As for the customer? He was very pleased with the changes he made, and his family no longer had to plug their noses when drinking. I, however, don’t think I’m a beet kvass person. But that’s ok, there’s a whole world of other fermented goodies out there!

Jerri

Jerri

Jerri is a wife and mama. Her culturing adventures began several years ago with other moms who were seeking a healthy way of feeding our families. Together they dabbled in milk kefir, yogurt, sourdough, kombucha and sauerkraut. In the past year she's expanded from sauerkraut to other vegetables, and has grown a passion for water kefir!

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Comments

  1. Becky M says

    I just made my first batch and I feel the same way. I don’t really like it. I did put a tiny bit of stevia in it just to try to get down. Looking for ideas too!

  2. Mike says

    I noticed the same thing the first time I made beet kvass, it was to salty after three day. Letting it ferment longer, in my case it took a week and the excessive saltiness went away. It could have been the temperature, tool cool that took it a little longer. Either way it turned out OK. It’s recommended that you dilute it a little with some some clean fresh water before drinking. Add the water to the kvass you poured in to the drinking glass, not the large container of kvass.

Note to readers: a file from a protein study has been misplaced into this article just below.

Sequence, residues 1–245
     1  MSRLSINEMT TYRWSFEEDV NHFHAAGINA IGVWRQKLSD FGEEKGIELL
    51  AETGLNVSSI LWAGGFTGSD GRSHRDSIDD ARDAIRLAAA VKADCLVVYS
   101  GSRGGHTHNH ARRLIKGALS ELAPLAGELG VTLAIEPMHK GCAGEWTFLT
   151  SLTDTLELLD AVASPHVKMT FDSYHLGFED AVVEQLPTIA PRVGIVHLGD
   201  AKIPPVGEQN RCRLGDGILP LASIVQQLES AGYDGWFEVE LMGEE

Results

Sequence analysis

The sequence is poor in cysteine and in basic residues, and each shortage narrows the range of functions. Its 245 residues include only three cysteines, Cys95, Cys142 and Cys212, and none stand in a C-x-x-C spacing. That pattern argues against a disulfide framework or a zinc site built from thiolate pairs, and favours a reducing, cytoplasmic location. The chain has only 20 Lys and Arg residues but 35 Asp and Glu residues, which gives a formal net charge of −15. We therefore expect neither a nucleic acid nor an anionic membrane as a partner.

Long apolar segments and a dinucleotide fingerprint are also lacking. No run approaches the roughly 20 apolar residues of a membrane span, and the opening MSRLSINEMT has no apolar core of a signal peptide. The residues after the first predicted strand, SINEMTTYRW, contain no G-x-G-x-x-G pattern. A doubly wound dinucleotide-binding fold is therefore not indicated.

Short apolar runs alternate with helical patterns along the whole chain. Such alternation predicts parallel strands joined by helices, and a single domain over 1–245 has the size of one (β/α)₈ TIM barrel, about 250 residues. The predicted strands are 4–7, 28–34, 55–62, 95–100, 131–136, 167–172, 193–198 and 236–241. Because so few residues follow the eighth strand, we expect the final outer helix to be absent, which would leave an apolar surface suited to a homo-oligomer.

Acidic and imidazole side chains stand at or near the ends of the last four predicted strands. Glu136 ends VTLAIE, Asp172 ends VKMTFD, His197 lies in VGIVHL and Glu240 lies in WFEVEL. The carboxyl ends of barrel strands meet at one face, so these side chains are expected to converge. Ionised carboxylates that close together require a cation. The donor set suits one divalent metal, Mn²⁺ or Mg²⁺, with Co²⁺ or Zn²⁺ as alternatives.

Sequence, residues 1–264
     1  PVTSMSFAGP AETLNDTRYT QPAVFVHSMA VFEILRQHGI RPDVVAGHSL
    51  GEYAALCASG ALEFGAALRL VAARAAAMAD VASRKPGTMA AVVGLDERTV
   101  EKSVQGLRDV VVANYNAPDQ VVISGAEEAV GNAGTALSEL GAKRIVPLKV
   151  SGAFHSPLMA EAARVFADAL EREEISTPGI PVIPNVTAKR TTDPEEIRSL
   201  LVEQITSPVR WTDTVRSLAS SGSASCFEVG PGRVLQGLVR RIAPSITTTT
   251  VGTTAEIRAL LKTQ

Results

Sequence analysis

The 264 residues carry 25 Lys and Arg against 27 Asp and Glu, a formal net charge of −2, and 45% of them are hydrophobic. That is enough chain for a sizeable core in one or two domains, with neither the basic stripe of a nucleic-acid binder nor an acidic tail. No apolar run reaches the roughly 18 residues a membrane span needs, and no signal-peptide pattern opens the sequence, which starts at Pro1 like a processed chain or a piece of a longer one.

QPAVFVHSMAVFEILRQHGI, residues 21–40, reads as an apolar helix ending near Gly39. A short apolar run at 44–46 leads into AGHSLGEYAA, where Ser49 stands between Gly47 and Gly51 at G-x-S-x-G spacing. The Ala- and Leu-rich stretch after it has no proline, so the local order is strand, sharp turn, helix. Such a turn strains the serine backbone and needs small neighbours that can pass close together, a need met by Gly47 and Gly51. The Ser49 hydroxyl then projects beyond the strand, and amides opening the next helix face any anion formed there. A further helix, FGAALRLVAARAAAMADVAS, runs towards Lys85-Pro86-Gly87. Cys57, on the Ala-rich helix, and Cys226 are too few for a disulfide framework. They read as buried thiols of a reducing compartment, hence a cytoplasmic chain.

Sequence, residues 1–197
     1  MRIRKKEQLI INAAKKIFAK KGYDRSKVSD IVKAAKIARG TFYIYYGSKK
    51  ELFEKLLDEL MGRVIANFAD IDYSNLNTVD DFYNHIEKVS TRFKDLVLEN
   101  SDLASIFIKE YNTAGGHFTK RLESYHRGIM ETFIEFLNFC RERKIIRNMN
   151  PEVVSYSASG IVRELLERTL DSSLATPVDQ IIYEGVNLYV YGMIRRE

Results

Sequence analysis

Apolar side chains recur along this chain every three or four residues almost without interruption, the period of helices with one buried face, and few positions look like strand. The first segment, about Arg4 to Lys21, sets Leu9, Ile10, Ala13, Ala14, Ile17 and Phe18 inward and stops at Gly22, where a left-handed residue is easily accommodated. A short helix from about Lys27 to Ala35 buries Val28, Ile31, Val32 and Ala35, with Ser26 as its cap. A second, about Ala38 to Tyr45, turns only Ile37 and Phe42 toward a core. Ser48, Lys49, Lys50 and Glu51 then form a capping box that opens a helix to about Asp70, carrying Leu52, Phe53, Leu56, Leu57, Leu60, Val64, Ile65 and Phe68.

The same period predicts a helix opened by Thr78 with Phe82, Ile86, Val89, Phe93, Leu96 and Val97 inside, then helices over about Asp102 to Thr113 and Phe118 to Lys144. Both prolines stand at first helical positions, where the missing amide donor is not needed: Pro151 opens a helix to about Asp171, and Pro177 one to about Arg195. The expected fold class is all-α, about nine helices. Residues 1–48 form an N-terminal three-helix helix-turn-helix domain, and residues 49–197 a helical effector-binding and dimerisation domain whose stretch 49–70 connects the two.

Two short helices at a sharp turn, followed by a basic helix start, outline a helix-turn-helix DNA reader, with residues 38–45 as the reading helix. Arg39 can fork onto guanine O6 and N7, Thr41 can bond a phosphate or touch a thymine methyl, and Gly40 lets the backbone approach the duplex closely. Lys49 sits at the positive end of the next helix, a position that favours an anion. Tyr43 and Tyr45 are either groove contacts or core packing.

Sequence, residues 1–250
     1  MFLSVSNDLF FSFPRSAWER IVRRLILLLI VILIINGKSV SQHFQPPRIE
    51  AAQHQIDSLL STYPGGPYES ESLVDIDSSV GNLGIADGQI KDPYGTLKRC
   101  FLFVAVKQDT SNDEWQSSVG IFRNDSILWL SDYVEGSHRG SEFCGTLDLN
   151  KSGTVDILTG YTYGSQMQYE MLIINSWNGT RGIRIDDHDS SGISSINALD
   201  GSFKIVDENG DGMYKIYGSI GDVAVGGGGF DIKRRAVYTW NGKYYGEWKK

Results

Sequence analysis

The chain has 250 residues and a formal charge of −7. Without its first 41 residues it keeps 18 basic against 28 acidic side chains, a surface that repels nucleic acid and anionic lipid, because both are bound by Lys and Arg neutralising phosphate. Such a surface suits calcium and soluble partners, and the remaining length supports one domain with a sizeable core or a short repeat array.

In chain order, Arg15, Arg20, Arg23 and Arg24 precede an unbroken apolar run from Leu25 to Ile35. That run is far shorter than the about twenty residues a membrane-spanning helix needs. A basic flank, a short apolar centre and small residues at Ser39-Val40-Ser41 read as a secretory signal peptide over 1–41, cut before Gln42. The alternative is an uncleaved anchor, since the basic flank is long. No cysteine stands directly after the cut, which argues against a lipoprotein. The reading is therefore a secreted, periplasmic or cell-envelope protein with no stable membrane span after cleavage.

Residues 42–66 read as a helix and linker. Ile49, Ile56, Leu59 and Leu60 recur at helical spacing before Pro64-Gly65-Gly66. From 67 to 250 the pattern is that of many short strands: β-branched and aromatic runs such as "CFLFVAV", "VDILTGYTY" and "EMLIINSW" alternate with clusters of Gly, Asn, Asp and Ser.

3. says

    I LOVE the beet Kavas. I use it every morning for the salt in my veggie smoothy.
    This makes a green smoothy a blood purifying probiotic SUPER drink!
    Cultured foods are meant to be a condiment people….. For your HEALTH.
    Food is not your friend it is for fuel and supporting your life. Tough it up… the benefits of
    this amazing cultured food are well worth it!

  4. tracie says

    I just completed your recipe for fermented salsa and the directions state to put the lids on tight- is this correct?

  5. says

    Kvass needs to be fermented for a long time. Fermenting for 3 days is just a waste of beets & time.

    For basic kvass:
    – Lightly scrub beets clean. Do not peel.
    – Cut beets into 1/2 to 1 inch cubes.
    – Fill the jar 1/3 to 1/2 full.
    – Fill jar up with salt water at a ratio of 1.5T salt per quart of water or to taste. You can go as low as 1T salt / quart and have the kvass turn out and as high as 3T / quart though most find that too salty.